Written by Conner Cunningham
Image 1: Large ricks dispersed near the fountain
Image 2: Plan drawing of the Tanner Fountain
Designed by Peter Walker in 1984, Tanner Fountain is situated in a heavily trafficked intersection of Harvard University’s campus. The fountain is dissimilar to typical urban fountains, consisting of large basins of water and fanciful jets of water that shoot out of large ornamental centerpieces (image 1). While Tanner fountain consists of a centrally organized water feature (image 2), the water is a gentle mist that cools visitors and recirculates through the fountain (image 3). Typical urban fountains only allow visitors to interact with water at their edges. The mist from Tanner fountain directly cools visitors who occupy its central core.
Image 3: View of the mist fountain
Similar to Stonehenge, Tanner Fountain is simplistic in its organization and use of materials. The fountain is anchored by 159 granite boulders arranged in concentric circles around its misty core. Asphalt marks the interior of the fountain’s water feature (image 4), while the materiality changes to lawn farther from center for those that wish to stay dry. While Stonehenge uses large boulders to create structure and hierarchy around a central point, Tanner fountain scatters rocks in a decentralized field. The fountain encourages interactive use. Adults and children alike can walk, sit, or even play among the field of stones throughout the year, creating different ephemeral effects specific to each season.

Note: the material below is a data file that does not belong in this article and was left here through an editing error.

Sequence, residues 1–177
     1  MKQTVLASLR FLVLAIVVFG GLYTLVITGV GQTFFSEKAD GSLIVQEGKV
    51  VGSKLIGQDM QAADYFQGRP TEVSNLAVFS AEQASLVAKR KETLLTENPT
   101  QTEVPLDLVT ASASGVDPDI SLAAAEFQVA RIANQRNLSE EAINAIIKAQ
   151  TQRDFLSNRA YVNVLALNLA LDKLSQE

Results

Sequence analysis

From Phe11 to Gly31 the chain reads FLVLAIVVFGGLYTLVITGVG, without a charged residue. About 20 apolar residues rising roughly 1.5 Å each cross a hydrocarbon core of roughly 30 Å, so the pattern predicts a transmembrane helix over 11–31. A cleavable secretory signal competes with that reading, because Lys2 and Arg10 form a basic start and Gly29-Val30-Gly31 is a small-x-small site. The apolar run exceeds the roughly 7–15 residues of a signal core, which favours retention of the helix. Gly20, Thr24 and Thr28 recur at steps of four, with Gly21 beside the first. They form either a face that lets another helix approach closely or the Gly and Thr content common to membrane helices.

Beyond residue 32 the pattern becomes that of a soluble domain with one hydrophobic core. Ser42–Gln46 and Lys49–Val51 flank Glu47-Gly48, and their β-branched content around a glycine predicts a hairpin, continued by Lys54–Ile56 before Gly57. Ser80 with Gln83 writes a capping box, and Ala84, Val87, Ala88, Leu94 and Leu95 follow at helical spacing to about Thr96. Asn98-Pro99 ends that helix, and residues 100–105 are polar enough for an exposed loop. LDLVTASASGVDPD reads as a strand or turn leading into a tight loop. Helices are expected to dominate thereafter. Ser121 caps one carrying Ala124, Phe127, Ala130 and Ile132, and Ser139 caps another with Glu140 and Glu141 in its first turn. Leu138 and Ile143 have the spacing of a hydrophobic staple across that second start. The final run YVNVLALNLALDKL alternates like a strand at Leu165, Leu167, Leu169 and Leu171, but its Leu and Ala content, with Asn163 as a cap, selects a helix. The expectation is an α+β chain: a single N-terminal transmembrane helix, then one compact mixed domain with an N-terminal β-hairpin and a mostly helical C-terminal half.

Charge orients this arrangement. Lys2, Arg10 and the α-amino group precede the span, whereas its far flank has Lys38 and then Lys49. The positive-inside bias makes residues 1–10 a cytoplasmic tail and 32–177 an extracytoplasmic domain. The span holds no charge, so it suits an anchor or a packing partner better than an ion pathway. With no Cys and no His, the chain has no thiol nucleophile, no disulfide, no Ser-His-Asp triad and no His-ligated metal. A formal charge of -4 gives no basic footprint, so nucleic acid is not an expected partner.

Image 4: Rocks within the asphalt in mist